If ever there was a place name that sums up the divide in Northern Ireland, it is the name of Ulster’s second city. Is it Derry or Londonderry? Officially it is Londonderry ever since King James I gave Derry a royal charter in 1613, but nationalists still refer to it as Derry. You can understand why.
Those divisions were brought into stark contrast on Sunday 30th January 1972, when the city witnessed one of the darkest days in recent Irish history. A day that started with hope and optimism, and ended with death and recriminations that continue to this day.
The civil rights movement that started in the late 1960s had planned a peaceful march from the Bogside outside the city walls into the city centre where a rally would be held. Although the march was well organised, it took place at a time of real tension and increased violence.
For anyone needing a reminder, one of the commonly quoted reasons for “The Troubles” in Northern Ireland, was the perception by many Catholics of discrimination in all walks of their life. Whilst this is true, the original civil rights movement was concerned with discrimination in the Protestant working classes too. A fact a leading member of the organising committee for the civil rights match on Bloody Sunday was a Protestant, Ivan Cooper, later a founder of the SDLP.
But hey, why let a few simple facts get in the way of history!
Anyone who has walked around the walls of Derry, will have seen “The Bogside”. It is the Catholic part of town outside the city walls, and largely consisting of poor housing. It was a perfect breeding ground for what became the Provisional IRA. So when the civil rights movement organised a march through this area, the British army were taking no chances. Among the reinforcements brought in was the 1st Parachute Regiment, well known for their uncompromising attitude. Army intelligence suggested the IRA would fire on the army, so they were prepared for trouble.
The march started peacefully enough from the Creggan estate, with 15,000 people marching to the city centre. The Army stopped the march, forcing the marchers down a different route and effectively barring them from leaving the Bogside. This is where the trouble started. Youths threw stones at the army, who initially responded with rubber bullets. This kind of confrontation was not uncommon in the early 1970s, as the Catholic population saw the army as preventing them from exercising their right to equality.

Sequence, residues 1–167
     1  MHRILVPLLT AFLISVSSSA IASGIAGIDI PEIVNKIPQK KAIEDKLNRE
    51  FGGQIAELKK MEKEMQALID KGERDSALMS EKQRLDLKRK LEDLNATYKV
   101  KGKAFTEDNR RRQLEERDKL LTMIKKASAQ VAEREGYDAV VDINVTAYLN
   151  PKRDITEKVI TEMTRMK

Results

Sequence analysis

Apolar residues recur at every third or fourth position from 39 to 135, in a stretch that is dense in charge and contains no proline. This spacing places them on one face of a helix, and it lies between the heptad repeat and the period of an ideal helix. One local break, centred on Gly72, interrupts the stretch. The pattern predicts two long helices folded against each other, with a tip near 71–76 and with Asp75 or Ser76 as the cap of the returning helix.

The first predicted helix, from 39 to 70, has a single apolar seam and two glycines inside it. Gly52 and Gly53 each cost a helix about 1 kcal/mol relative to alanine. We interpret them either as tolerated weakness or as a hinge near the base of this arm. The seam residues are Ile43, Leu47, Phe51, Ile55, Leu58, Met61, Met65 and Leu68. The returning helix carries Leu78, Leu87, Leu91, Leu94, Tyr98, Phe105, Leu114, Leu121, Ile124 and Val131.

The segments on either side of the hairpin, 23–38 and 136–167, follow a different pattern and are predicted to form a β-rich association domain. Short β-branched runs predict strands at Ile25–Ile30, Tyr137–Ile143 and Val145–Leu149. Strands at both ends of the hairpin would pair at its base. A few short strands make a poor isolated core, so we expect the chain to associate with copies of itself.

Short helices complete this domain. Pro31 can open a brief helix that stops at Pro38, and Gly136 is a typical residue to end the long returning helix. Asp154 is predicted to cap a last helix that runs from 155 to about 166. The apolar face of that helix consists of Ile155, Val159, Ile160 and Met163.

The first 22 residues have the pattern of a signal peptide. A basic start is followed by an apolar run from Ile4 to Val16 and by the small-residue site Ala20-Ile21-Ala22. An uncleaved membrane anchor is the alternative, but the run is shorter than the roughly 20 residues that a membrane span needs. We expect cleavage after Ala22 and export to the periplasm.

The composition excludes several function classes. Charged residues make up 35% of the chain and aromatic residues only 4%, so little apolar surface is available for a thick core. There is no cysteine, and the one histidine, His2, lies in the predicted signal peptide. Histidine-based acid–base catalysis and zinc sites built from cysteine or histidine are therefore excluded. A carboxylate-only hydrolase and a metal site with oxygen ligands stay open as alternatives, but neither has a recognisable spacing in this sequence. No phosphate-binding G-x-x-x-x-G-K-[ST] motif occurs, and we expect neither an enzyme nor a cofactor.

Enter the 1st Parachute Regiment. They were originally located outside the Bogside, but were sent in despite orders to the contrary by their commanding officer. Not known for their reserve, the Saville Inquiry found that the first shots were fired by them into the crowd of rioters. The Paras say they saw rioters holding weapons, although the evidence is inconclusive at best. By the end of the day 26 civilians were shot and 14 died. Not one of the deceased were found to have a weapon or evidence of having fired one. Some were even shot in the back running away from the soldiers. Others were shot whilst waving white handkerchiefs.
That day’s events were a watershed for Northern Ireland. It effectively signaled the end of the civil rights movement, and sharpened the already deep distrust between the communities. It also proved to be a major recruiting campaign for the Provos. IRA member Séanna Walsh said, “It was bedlam. Anyone who cared about anything was involved in some way. It was the situation I was in and as a young man I would say I had no choice.”
There were undoubtedly IRA members taking part in the march, but the march organisers were assured they’d be unarmed. There were also reports of one IRA member firing a revolver at the paratroopers, but this was after the initial shooting started. It is also proven that some soldiers colluded in changing their testimonies when initially giving evidence into to what happened. It is also clear that the Paras were looking for a fight, and according to Saville’s inquiry “lost control”.
Like most history, it is never simple. Within the context of 1972 Northern Ireland, there was blame on both sides. However the unsolicited killing of unarmed civilians is unacceptable. That there were so many that day, is a tragedy. 44 years on, and justice has still to be seen to be done. The Saville Inquiry put the blame squarely on the army, yet the individuals involved have escaped any charges.
Sunday 30th January 1972 has many parallels with Sunday 21 November 1920 during the War of Independence, not least that this is also known as Bloody Sunday. That day 14 unarmed civilians were killed when an armoured car entered the pitch at Croke Park, Dublin during a Gaelic football match and opened fire. Earlier that day the IRA assassinated 13 soldiers and police that they considered as informers.
A retaliatory event? Almost definitely. Such brutal events never address the real issue. It makes you wonder if we’ll ever learn.